Whether you are hosting or attending a Passover Seder, chances are you'll have trouble keeping your eyes open while your cousin recounts the Plagues. Here are some little known Passover facts to help enliven the evening.
Every year right before Holocaust Remembrance Day, I reflect upon what might have been, and what the future holds, especially these days, as pre World War II anti-Semitic displays are reemerging, and the political climate is growing stormier concerning the state of Israel.
There are as many recipes for this dish as there are those who claim theirs is the only legitimate way of making it. From Tunisia to Turkey, everybody says they and they alone invented it. And no wonder: It's maybe the best breakfast-in-a-pan going.
Our churches must challenge our ignorance, faulty theology and lack of historical knowledge of what our world was like twenty centuries ago in order to radically reorient our religion away from anti-Semitism.
What I want most for our graduates is not blind adherence to external measures of achievement, but internal character defined by a drive to maximize self, combined with a genuine empathy for others. And that, of course, is the essential message of Passover.
The combo of apples, walnuts, and cinnamon is indeed, quite traditional.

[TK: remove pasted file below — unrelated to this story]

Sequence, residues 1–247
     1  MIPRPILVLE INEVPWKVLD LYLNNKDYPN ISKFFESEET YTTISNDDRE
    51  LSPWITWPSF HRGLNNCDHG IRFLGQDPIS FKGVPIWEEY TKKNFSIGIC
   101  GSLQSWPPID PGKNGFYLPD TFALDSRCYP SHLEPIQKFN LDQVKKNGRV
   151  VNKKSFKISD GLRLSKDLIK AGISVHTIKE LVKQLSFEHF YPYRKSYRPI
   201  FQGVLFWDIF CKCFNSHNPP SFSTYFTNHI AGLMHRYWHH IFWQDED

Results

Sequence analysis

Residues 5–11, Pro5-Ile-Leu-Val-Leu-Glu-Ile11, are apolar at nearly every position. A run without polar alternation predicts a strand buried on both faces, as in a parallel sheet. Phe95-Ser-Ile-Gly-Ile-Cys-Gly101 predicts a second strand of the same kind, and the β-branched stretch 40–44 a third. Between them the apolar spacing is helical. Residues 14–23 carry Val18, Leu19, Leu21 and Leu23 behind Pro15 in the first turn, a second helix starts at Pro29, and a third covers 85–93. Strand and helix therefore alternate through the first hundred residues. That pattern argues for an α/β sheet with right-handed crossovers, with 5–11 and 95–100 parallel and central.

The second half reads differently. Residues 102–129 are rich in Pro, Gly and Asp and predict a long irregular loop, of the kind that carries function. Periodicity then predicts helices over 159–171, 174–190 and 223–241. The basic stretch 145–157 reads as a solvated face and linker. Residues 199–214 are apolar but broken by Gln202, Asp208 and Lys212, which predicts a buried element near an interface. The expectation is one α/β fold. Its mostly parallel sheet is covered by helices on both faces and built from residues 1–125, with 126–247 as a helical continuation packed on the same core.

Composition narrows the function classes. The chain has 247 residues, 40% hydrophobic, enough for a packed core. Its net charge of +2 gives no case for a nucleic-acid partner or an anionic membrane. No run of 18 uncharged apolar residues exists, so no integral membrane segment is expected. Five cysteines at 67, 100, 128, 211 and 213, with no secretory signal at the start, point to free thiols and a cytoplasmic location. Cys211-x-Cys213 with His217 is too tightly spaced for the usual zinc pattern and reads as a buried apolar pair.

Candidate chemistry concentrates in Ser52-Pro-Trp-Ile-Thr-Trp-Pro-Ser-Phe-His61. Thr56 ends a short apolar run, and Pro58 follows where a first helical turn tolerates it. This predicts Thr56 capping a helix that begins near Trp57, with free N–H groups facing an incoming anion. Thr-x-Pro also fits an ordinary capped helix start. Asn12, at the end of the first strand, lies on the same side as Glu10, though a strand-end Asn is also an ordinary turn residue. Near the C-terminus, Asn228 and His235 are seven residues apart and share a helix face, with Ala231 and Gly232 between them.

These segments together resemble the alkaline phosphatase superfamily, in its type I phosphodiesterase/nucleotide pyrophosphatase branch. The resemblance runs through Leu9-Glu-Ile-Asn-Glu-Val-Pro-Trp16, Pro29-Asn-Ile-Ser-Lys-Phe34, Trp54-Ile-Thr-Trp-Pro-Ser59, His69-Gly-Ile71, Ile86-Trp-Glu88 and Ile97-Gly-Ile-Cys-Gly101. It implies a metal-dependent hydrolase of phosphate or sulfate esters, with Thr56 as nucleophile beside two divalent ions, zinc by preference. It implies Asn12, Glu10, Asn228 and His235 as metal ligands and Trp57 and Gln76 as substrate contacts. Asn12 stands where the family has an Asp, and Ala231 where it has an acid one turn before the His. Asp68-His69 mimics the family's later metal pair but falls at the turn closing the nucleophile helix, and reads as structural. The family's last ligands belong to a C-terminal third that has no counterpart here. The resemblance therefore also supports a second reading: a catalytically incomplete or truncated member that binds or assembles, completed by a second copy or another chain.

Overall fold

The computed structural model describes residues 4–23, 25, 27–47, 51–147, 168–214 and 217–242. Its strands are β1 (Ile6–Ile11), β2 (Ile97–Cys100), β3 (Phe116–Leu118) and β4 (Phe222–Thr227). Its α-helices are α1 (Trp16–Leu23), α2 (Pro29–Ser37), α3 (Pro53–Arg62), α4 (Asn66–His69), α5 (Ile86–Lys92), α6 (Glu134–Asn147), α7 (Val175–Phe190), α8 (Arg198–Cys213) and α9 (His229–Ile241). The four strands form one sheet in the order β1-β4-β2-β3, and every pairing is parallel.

The delegitimizers win when we make every conversation about Israel political and confrontational. Let's make this seder a healing seder, a dreaming seder, a homeland seder.
Passover, filled with its rich history and symbolic rituals, offers a wonderful opportunity to understand the Jewish religion and culture. It's a joyous holiday filled with food and family. If you're invited to a Seder dinner, I highly recommend RSVPing "yes."
Do the following statements refer to (a) my White Anglo-Saxon Protestant girlfriend or (b) a cat?
IRANIAN FOREIGN MINISTER MOHAMMED JAVAD ZARIF: The hour is late. Do we have a deal or not?
SYLVIA: What, all of a sudden you're in such a rush? You should never sign a nuclear program agreement on an empty stomach. Here, have some more brisket.
In fact, months in advance to Easter, any supermarket I walk into has great displays of chocolate and plastic eggs at their entrances, or entire aisles dedicated to Easter baskets and rows of candy.
The Knesset opening session was buzzing with new faces, as 39 new Members of Knesset joined their veteran colleagues in the swearing in ceremony that took place in the Israeli parliament on Tuesday, March 31.
I am a 27-year-old Jew living in Pakistan. It's a statement that has elicited shock, warnings, threats and intense curiosity ever since I moved from Morocco to Karachi, the country's largest city in the homeland of my parents.
Family, friends, and loud children begin to trickle in; delicious waves of gossip swell and spread. Compliments sprinkle around like sugarcoated almonds. "What a sumptuous spread." "You look more beautiful than the full moon." "How in the world do you manage?"
I began to receive invitations to speak at local churches about Passover. I realized a book was needed. What was written was either overly-simplistic, unnecessarily complex or just plain wrong.
Every year on Passover, Jewish people recall that "once we were slaves and now we are free." We dip celery in salt water to remember the tears of the Israelites in captivity.